Background: CJ, a 34-year-old, and her husband RJ, age 35) presented to me with a six-year history of infertility. Based on semen analysis, RJ, who had initiated two pregnancies in a prior relationship, was found to be perfectly fertile. CJ had been married before and in that relationship, had also experienced two years of infertility. Of interest is the fact that CJ’s first husband remarried, and he and his new partner had since parented two children….So clearly, this was a female fertility issue.
CJ had undergone a fertility evaluation and had been found to be ovulating normally, to have patent Fallopian tubes, and to have normal ovarian reserve. She had undergone a laparoscopy and hysteroscopy which revealed stage 1 (early) endometriosis, a regular uterine cavity and a normal uterus as well as patent Fallopian tubes.
CJ and RJ had previously gone through four intrauterine insemination (IUI) treatment cycles. The first two were with clomiphene stimulation and the last two with gonadotropins. Ovulation had been confirmed in all four stimulation cycles, but no pregnancy resulted.
Subsequently, the couple went through three fresh IVF attempts and two frozen embryo transfers (FETs). In each of the five embryo transfers, 2 well expanded, cellular, high-quality blastocysts were transferred, but no pregnancy occurred.
Their prior RE suggested that the reason for the failures was likely due to an unexplained egg/embryo issue and recommended another cycle of IVF, this time with NGS chromosome analysis being performed on all embryos, followed by the transfer of one or more euploid (“competent”) embryos.
I saw the problem differently. Here was a young woman with a male partner of proven fertility. She had a total of 8 high-grade blastocysts (as determined by microscopic analysis) transferred to an anatomically normal uterus, with a good endometrial lining, and yet had not even conceived once. Since in general, one out of every two of her eggs/embryos should be chromosomally normal, and each chromosomally normal embryo should propagate a live birth 60-70% of the time, I concluded that there had to be an underlying implantation dysfunction that was preventing these embryos from attaching to the uterine lining.
Moreover, since 30% of women who have endometriosis, regardless of its severity, will have activated uterine natural killer cells (NKa) that could thwart implantation, it seemed to me that immunologic implantation dysfunction (IID) was the most likely explanation for CJ’s hitherto “unexplained” IVF failures.
We tested CJ for antiphospholipid antibodies (APA) that are prevalent in cases of endometriosis (regardless of severity) as well as for natural killer cell activity (NKa) using K-562 target cell test. The results came back positive for NKa as well as for APA.
Treatment and Outcome: CJ and RJ underwent IVF with me. Twenty percent ( 20%) intralipid (IL) was infused intravenously, 12 days prior to ET. This was combined with daily injections of Lovenox (low-molecular-weight heparin) as well as oral Dexamethasone. We harvested 12 eggs, 9 of which were mature (MII) and all were fertilized by ICSI, resulting in nine embryos, four of which developed into expanded, good quality blastocysts. Two blastocysts were transferred fresh to CJ’s uterus and the remainder both vitrified and banked for future dispensation. She conceived, subsequently another gave birth to a healthy baby girl at term. The Lovenox and oral Dexamethasone were continued to the 10th week of pregnancy.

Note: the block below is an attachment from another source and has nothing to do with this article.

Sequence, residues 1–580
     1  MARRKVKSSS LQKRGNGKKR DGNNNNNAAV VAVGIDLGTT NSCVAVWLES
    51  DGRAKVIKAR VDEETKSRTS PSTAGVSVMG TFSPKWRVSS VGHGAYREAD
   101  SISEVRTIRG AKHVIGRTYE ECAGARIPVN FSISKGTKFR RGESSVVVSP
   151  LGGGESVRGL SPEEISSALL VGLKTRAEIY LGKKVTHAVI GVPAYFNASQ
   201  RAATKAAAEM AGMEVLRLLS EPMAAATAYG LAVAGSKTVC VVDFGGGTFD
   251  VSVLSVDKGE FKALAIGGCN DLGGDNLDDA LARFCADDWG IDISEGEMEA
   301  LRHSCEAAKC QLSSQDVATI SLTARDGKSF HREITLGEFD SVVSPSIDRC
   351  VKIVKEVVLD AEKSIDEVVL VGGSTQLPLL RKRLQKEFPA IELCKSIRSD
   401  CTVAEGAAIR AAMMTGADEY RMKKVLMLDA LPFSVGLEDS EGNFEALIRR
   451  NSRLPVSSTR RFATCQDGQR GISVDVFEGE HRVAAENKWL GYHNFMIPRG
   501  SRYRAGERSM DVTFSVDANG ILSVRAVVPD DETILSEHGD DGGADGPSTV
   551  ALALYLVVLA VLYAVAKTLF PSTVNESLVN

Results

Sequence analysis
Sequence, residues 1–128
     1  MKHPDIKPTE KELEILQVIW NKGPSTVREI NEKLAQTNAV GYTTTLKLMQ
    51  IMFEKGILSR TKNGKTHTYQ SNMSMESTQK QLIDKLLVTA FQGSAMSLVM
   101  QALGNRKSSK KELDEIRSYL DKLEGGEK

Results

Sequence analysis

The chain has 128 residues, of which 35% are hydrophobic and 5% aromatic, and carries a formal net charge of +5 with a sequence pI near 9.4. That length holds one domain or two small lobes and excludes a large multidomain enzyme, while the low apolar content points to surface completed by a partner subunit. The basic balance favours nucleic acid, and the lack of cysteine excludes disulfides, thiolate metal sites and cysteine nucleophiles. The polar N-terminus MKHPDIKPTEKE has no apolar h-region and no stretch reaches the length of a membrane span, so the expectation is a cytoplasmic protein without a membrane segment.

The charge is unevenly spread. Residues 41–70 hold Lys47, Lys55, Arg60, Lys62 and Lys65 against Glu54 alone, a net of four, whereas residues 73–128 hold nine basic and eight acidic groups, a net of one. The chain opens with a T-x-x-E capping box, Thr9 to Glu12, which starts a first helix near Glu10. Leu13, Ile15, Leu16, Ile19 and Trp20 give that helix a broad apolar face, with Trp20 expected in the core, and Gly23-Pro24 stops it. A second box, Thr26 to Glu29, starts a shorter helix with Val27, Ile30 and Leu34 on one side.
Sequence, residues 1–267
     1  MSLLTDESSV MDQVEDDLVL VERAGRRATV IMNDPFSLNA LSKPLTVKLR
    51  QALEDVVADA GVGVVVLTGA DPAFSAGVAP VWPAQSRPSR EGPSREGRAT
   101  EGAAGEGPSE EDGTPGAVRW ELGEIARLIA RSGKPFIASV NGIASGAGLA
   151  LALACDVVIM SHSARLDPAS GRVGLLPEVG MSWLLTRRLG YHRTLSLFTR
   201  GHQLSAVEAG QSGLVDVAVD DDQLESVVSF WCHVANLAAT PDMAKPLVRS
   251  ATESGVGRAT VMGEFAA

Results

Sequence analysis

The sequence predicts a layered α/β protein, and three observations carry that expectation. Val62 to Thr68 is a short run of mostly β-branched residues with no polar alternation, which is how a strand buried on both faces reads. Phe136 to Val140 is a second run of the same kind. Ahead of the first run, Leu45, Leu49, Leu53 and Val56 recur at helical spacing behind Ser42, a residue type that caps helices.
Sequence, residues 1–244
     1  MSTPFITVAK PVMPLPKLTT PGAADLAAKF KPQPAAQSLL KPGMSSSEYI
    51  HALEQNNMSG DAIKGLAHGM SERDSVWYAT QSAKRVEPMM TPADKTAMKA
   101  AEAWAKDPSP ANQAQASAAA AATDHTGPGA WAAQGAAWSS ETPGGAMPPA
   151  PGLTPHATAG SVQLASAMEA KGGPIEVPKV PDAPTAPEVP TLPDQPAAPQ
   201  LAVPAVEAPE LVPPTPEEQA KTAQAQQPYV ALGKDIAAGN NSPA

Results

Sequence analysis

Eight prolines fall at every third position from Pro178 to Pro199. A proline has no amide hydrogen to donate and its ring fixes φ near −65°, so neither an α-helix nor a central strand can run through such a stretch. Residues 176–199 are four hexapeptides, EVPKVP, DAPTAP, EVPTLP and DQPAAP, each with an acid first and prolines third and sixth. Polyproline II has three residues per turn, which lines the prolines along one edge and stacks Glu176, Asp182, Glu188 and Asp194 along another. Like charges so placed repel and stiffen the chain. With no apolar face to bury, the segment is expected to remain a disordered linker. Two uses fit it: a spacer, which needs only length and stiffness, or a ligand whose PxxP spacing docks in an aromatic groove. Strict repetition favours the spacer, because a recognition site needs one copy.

About 15 months later, CJ returned for a frozen embryo transfer (FET), using her remaining frozen blastocysts. She conceived of a viable pregnancy and subsequently went on to deliver another full term female baby.
Commentary: Whenever confronted with repeated “unexplained” IVF failures where morphologically good embryos were transferred, the question arises as to whether the problem is due to inherent egg/embryo “incompetence” (which usually equates with an irregular chromosomal configuration [aneuploidy]) or whether it is due to an implantation dysfunction. The younger the woman and the higher the quality of available embryos (preferably blastocysts), the less likely it is that the fault lies with embryo “incompetence” and the greater is the likelihood that it is due to underlying implantation dysfunction.
The most common causes of Implantation dysfunction are: a) a “thin uterine lining” b) a uterus with surface lesions in the cavity (polyps, fibroids, scar tissue) and c) immunologic implantation dysfunction (IID). It was detection of the underlying IID problem that enabled CJ and RJ to go from “infertility to family”
Implantation dysfunction is a common cause of repeated “unexplained” IVF failure with good embryos. This is especially the case in young ovulating women who have a normal ovarian reserve and have fertile partners. Failure to identify, typify, and address such issues is, in my opinion, an unfortunate and relatively common cause of repeated IVF failure in such women.